Between Rome and Carthage: Southern Italy during the Second by Michael P. Fronda

By Michael P. Fronda

Hannibal invaded Italy with the desire of elevating frequent rebellions between Rome's subordinate allies. but even after crushing the Roman military at Cannae, he used to be in basic terms partly profitable. Why did a few groups choose to aspect with Carthage and others to aspect with Rome? this can be the basic query posed during this publication, and attention is given to the actual political, diplomatic, army and fiscal components that encouraged person groups' judgements. realizing their motivations finds a lot, not only in regards to the struggle itself, but in addition approximately Rome's kin with Italy throughout the past centuries of competitive enlargement. The ebook sheds new mild on Roman imperialism in Italy, the character of Roman hegemony, and the transformation of Roman Italy within the interval top as much as the Social battle. it truly is proficient all through via modern political technological know-how idea and archaeological proof, and may be required studying for all historians of the Roman Republic.

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Extra resources for Between Rome and Carthage: Southern Italy during the Second Punic War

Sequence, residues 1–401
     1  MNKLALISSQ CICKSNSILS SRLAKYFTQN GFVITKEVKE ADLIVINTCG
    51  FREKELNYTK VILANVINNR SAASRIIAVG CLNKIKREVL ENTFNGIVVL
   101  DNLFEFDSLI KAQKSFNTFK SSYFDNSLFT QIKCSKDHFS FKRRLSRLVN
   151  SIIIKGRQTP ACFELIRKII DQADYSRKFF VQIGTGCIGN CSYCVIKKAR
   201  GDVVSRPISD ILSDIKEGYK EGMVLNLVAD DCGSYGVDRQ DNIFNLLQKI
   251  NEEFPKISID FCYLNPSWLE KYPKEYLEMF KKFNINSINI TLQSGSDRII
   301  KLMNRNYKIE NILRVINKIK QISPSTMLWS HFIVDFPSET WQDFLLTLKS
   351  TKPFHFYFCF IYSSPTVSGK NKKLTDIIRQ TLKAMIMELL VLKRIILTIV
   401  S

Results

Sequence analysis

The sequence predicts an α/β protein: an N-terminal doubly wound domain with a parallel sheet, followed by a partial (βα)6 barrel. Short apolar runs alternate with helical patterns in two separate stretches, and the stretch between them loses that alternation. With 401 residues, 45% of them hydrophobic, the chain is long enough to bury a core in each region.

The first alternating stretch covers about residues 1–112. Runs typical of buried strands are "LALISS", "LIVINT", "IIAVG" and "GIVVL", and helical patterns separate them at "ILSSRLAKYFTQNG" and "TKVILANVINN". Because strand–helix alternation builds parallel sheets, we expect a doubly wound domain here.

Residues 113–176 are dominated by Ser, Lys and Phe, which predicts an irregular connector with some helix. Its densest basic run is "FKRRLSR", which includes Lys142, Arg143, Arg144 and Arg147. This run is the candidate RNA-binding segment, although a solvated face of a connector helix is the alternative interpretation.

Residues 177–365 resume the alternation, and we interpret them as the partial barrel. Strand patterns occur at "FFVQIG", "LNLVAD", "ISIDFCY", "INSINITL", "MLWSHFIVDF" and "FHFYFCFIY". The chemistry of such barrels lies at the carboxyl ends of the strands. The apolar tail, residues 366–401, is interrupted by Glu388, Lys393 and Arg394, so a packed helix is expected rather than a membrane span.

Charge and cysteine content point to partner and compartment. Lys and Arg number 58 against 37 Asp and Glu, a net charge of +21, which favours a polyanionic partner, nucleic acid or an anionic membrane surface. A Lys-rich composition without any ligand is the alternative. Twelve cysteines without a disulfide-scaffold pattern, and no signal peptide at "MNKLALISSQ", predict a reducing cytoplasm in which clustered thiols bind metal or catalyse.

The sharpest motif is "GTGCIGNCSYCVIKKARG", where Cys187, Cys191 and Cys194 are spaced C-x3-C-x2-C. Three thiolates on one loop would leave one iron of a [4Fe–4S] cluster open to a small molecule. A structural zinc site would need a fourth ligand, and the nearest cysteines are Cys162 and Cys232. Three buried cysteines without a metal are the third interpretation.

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Until Rome finally defeated Pyrrhus and (re)asserted control over the bulk of the peninsula, Italy would be most accurately described as a multipolar system. We should not see Rome, then, as the only expansionist hegemonic state, but rather as one of a number of powerful states and coalitions competing to dominate the system. Also, Lemke (1996) has observed that within any international hierarchy there exist numerous regional or local hierarchies, each with its own unipolar, bipolar or multipolar arrangements.

For these episodes we may speculate on how authentic notices may have worked their way into Livy’s (and others’) narrative. Perhaps sources close to the events had gained some knowledge of Italian affairs (Cincius, for example, was active around Locri) and this material was transmitted indirectly to Livy or others. In most cases, however, we simply do not know what Livy’s sources were for Italian affairs, and thus we must judge on its own merits each of the relevant episodes that he narrates. 27 It would be impossible to list all of the excavations and surveys conducted in the last thirty or forty years, or to make reference to all of their associated publications.

Salmon 1982: 57–72, esp. 71–2, however, downplays the cohesiveness of the ‘Roman Commonwealth’ of the third century. 49 The following brief summary of the organisation of the subordinate Italian states is based on Staveley 1989: 420–36.

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